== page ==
Celebrated by Mr. and Mrs. William Rochelle—They Began Life’s Journey Together Half a Century Ago—Have Always Been Held in High Esteem
Mr. and Mrs. William Rochelle, of 610 Heaton street, two of Hamilton’s most estimable residents, passed the golden anniversary of their wedding Wednesday of this week. No formal celebration of the event was held on account of the death of their son, Wm. E. Rochelle, which occurred recently.
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Someone hit John Rochelle on the head with a stone at Third and Black streets Saturday afternoon about 4 o’clock and although the police investigated no clue to the stone thrower could be found.
Source: Hamilton Evening Democrat, October 25, 1903.
There was great excitement Monday night in the vicinity of the grocery store of Edward Rochelle, at the corner of Sixth and Heaton streets. In the residence over the store the piercing shrieks of a woman were heard and the neighbors and persons passing along the streets were attracted to the immediate vicinity.
The trouble was due, it is alleged, to the fact that Mrs. Edward Rochelle was suffering an attack of hysterics and it became necessary before she was quieted to summon two physicians. Accordingly Drs. Schumacher and Skinner were called and administered to her needs.
Mrs. Rochelle’s extreme nervous attack was due, it was further alleged, to the fact that there had been family trouble.
Mr. Rochelle has left the city.
Source: Hamilton Evening Sun, August 25, 1903.
William Rochelle, one of Hamilton’s respected citizens and retired grocer, died at 5 o’clock Tuesday morning at his home, No. 946 Heaton street, of general debility, at the age of 76 years, 3 months and 17 days, after months of illness.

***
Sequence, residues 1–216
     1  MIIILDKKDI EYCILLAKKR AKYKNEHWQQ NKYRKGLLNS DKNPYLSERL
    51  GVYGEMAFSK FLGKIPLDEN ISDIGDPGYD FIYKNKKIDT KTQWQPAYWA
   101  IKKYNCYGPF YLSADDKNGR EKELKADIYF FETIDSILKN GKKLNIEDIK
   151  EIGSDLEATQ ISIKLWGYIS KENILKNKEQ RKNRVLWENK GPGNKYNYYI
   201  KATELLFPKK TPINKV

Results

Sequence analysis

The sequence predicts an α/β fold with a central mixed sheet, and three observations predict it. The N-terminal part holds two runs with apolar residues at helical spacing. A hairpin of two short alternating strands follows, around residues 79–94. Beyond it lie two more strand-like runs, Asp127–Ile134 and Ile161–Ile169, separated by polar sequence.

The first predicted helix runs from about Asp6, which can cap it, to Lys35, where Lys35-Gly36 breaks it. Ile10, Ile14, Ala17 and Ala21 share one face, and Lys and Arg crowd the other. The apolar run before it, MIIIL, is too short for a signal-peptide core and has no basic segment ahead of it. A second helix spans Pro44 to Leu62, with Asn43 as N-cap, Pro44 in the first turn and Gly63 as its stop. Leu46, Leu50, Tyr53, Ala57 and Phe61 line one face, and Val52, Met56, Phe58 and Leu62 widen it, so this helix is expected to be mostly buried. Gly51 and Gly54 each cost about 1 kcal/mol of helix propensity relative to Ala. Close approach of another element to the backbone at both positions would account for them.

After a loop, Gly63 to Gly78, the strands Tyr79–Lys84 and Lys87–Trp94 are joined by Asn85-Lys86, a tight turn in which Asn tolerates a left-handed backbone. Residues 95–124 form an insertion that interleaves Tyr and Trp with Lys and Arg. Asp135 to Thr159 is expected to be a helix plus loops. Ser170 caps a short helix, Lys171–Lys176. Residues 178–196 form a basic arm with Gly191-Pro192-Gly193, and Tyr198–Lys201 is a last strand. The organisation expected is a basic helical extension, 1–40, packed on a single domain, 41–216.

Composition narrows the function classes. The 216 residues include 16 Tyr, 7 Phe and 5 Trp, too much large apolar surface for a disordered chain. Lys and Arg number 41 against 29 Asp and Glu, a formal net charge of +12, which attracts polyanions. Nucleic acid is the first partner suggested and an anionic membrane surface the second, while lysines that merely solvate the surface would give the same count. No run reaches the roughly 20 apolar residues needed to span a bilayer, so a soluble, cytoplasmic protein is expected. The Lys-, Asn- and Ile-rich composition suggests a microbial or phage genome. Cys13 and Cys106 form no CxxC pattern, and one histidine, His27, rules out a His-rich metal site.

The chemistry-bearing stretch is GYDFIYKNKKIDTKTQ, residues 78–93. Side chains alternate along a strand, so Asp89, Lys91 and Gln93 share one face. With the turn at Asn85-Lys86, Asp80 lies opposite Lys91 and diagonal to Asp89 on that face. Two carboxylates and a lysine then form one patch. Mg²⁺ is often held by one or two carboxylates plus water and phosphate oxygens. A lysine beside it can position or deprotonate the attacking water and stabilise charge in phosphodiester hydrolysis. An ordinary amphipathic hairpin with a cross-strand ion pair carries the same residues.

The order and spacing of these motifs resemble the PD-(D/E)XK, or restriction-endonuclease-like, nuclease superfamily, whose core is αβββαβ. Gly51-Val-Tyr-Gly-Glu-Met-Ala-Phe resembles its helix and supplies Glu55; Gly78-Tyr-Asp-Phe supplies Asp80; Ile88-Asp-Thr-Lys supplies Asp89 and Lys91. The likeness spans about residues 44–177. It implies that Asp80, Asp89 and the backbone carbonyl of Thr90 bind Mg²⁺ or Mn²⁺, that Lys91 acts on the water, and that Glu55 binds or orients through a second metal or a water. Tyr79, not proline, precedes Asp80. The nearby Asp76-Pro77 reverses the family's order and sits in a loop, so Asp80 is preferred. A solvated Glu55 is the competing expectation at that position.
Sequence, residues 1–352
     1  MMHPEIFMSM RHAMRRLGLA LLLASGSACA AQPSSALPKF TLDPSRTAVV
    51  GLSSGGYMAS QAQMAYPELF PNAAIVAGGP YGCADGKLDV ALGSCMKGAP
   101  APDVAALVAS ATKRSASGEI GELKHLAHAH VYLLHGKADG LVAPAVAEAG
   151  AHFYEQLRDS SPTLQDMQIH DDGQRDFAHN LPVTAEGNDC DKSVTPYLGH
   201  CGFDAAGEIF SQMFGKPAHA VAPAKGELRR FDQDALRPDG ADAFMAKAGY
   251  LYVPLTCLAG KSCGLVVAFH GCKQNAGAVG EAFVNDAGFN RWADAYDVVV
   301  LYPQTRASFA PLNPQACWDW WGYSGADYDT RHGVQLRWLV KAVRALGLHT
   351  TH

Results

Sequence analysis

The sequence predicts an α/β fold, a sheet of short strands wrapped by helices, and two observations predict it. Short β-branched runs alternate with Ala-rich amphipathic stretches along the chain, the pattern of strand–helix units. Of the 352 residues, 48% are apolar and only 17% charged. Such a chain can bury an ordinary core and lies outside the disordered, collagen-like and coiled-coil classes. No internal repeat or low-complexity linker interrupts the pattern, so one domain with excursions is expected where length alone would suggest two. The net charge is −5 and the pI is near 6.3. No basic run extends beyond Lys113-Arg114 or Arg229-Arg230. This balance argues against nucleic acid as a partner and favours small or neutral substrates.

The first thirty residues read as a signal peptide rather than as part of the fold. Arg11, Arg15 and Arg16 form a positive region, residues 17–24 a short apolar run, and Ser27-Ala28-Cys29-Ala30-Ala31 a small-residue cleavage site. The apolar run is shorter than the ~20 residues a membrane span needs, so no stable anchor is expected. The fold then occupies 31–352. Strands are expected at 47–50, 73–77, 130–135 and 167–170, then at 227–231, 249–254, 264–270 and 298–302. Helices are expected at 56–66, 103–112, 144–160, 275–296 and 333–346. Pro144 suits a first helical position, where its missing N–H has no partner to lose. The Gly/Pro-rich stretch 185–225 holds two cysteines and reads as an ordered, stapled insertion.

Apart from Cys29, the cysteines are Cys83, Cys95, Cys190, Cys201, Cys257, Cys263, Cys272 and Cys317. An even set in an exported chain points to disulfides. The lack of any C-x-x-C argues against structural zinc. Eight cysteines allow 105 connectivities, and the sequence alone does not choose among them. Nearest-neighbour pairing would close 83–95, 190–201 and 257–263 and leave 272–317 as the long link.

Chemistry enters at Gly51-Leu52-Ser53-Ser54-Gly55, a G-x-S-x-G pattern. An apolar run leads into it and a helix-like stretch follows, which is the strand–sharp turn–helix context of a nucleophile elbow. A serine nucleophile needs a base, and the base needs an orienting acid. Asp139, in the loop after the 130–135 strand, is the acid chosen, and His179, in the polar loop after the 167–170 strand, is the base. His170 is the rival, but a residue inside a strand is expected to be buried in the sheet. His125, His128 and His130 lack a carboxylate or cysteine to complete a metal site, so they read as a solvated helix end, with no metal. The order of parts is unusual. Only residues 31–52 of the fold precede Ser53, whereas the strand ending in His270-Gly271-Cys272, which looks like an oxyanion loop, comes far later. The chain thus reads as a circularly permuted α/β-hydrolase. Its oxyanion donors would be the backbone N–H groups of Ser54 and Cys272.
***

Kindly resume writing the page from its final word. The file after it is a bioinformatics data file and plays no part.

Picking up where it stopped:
Mr. Rochelle is survived by the widow, one son, John Rochelle of Hamilton, and a daughter, Mrs. Flora Smith of Cincinnati, two brothers and three sisters, who have the sincere sympathy of the community in the loss of a devoted husband, a loving and indulgent father and a kind brother. The city loses a citizen, by Mr. Rochelle’s death, who was ever interested in the welfare and prosperity of the affairs of the city.
Source: Hamilton Evening Democrat, March 19, 1907.
Mrs. Catherine Augusta Rochelle, 66, 616 Heaton St., died Sunday at 8:45 a.m. in Mercy Hospital where she had been taken after suffering a heart attack Saturday night at her home. She had been in failing health one year.
Mrs. Rochelle was born on June 16, 1891, in Covington, Ky., a daughter of William and Catherine Engert Bunning. She was married to John Rochelle on Nov. 13, 1930, in St. Stephen Catholic Church.
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John Franklin Rochelle, 89, 616 Heaton St., died at 4:30 a.m. Thursday in Mercy Hospital where he had been a patient since July 17. He had been in failing health for two years and had suffered a heart attack last April 2.
He was born April 16, 1867, in Hamilton, a son of William and Catherine Frazier Rochelle. He was educated in Hamilton public schools and lived in Hamilton all his life. On Nov. 13, 1930, he was united in marriage to Catherine Banning [sic] in St. Stephen Church. He had been a member of Butler Aerie 407, Fraternal Order of Eagles since 1909.
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A young child of Mr. and Mrs. Ed Rochelle, of east Heaton street, was playing about the supper table last evening when the little one pulled the table, filled with dishes, over upon it. It was injured very badly.
Source: Hamilton Evening Journal, July 7, 1892.
H.L. Rochelle and Mae Rochelle have appealed from the final judgment of the district court of Wyandotte county to the supreme court of the state asking for a new trial in the case decided against them concerning the operating of a hospital and sanitarium in that county. Mary E. Stotler received judgment against them and they were permanently enjoined from running their establishment. There is also a tax trouble mixed up in the deal.
Source: Topeka State Journal, August 12, 1909.